MKO Stages Public Show to Display a Cult’s Muscle

MKO’s yearly public show is a cultic approach to garner public attention

If you tell a lie over and over again, people will start to believe it. Then, the easiest way a cult may exploit to instill its reprogramming on others is repetition, in the same way advertising and propaganda work. That is one of the approaches adopted by MKO to garner a social attention by setting a public show every year around a certain date in June. Michael Rubin, an ex- adviser for Iran and Iraq at the Pentagon, seems to be just one amongst many Americans whom MKO has failed to fool. That is maybe because of his full understanding of Iranian people among whom he has lived for years. In his latest piece about MKO, once more he reiterates dishonesty of the group as a terrorist cult despite having bipartisan supporters in the Congress.

Iranians are politically engaged—even if not within the system—and did not hesitate to talk. Many spoke of their desire for alternatives. Some asked about the son of the late shah, living in exile in the United States. Others would speak more theoretically about a desire for a republic, a parliamentary democracy, or other alternative. The only thing on which Iranians agreed was their dislike of the Mujahedin al-Khalq Organization (MKO). Several years ago, I wrote a piece outlining their history and ideological evolution. Long story short, the group’s involvement in terrorism that killed not only regime officials but ordinary Iranian citizens, as well as their willingness to accept aid and shelter from Saddam Hussein’s Iraq in the years after Iraq’s invasion of Iran, delegitimized the group in the face of the public they claim to represent.

The Clinton administration designated the MKO to be a terrorist group, but after years of lobbying—and buying support by paying huge honoraria to a bipartisan array of senior officials—the MKO was delisted in 2012. No longer being considered a terrorist group does not make the MKO democratic, however, as anyone who has ever studied their internal workers can attest. It is against this backdrop that this diary, written by a Kyrgyz student recruited to attend an MKO rally in Paris, is so interesting. It seems that the MKO leaders must now not only pay speakers to sing their praises at their rallies, but also the audience members. The MKO is not only a creepy cult, and willing to say anything to buy support regardless of the group’s record, but an empty shell as well. Let us hope that one day their remaining congressional supporters will recognize that if they truly want to bring change to Iran’s odious regime, they would best reach out to the Iranian people and not associate with groups which repel them.

However, still there is a question to put that how and when it happened that MKO transformed from a Marxist-oriented political group with a fundamental ideology of advocating armed warfare to what is today known as a cult of personality. Speculations fueled by a considerable bulk of studies as well as assertions by detached and former MKO members center on the fact that it was not an overnight transformation but a plot that hatched gradually through some lengthy process of guilefully outlined stages.

There are more than enough evidences to prove that the Rajavis, MKO’s self-appointed husband-wife leaders, had personal ambitions of establishing a cult of personality after a complete failure in armed warfare and facing an overall political stalemate that led their group into total isolation from the masses. Even before the initiation of the military phase and declaring armed struggle against the Iranian regime in 1980, some eminent political figures well acquainted with MKO anticipated its transformation into a cult sooner or later.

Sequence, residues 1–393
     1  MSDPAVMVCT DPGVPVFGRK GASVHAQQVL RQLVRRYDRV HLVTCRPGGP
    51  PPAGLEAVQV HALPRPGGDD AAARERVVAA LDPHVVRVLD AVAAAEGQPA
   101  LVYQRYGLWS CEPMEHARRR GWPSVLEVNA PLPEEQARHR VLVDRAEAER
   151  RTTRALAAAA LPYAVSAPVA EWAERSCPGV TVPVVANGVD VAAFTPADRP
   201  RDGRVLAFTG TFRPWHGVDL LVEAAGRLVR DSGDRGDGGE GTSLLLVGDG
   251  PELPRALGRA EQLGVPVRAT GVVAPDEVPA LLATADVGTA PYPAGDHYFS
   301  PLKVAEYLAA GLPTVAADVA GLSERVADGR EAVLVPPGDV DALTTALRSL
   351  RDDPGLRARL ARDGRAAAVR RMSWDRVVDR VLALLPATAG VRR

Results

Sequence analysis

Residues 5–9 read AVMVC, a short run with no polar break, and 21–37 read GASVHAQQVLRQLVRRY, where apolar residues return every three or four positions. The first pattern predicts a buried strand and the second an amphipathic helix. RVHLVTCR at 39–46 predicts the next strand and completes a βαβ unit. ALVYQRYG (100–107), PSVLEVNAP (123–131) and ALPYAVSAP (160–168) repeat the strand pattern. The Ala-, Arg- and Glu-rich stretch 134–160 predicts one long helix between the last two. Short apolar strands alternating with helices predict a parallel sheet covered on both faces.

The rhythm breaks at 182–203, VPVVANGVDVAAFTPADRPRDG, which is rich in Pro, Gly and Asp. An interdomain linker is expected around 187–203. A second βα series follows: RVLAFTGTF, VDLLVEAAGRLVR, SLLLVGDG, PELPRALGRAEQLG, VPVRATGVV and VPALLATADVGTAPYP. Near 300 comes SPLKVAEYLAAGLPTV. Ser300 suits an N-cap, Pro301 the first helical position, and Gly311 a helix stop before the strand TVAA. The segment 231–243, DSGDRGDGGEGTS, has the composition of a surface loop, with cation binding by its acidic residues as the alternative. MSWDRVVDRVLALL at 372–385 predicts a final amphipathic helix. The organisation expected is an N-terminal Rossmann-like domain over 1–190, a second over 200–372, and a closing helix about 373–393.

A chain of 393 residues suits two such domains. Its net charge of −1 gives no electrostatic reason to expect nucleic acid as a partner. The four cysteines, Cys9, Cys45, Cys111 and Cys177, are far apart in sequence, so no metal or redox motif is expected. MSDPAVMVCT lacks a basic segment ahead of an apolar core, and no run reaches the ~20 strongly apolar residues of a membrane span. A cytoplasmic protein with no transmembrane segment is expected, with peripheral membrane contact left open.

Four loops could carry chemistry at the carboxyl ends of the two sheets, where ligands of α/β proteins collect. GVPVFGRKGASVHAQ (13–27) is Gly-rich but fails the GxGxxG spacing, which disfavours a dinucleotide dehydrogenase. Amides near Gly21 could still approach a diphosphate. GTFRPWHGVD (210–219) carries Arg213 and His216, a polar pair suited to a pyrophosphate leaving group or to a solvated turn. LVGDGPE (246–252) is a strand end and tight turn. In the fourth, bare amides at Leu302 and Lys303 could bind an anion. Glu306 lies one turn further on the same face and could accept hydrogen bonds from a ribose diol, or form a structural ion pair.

It may seem hard to believe that the first seeds of metamorphosis into a cult of personality were sown in France, believing to have the strongest democracy, after a shameful flight from Iran to initiate a heretic inter-organizational revolution within MKO. In fact, before MKO relocation to Iraq to execute cultic relations in Camp Ashraf as its main cult bastion, the cult thought had passed beyond its embryo stage at Auvers-Sur-Oise in Paris. The four-year settlement of MKO in France and a great accumulation of members made them engaged in a routine bureaucracy that caused a staff crisis. Many other factors such as daily-life problems, lack of a clear strategy in 1981 to 1985, critical detachment and separation of members and lack of motivation as a result of long residence in France, attractions of life and beauties of European countries all and all caused the organization suffer acute crises. Besides, Rajavi was receiving formal messages and invitations from Saddam Hussein for a complete transfer of the organization to Iraq. The group had been caught in a difficult dilemma since Iraq was at war with Iran and Saddam was the most hated man in the eyes of Iranian. As a matter of fact, move to Iraq was equal to involving in an unforgivable conspiracy against a nation for whom the group had promised freedom and democracy.

Although no more a designated terrorist group, MKO carries the stigma of being notoriously recognized as a dangerous cult of personality that freely roams the streets of the Western countries. The terrorists’ potentiality in utilization of violence for whatever political and social demands is a horrible nightmare enough to disturb societies. The possible disaster would be even worse if the terrorists are the breeds of a destructive cult. And what necessary precautions have those in Western countries taken to fight back the threats of a dangerous terrorist cult they themselves unshackled? There is no need to answer since people in Paris are used to seeing unknown crowds of different nationality gathered in regular rallies of the cult as a display of its muscle just in the heart of the capital.

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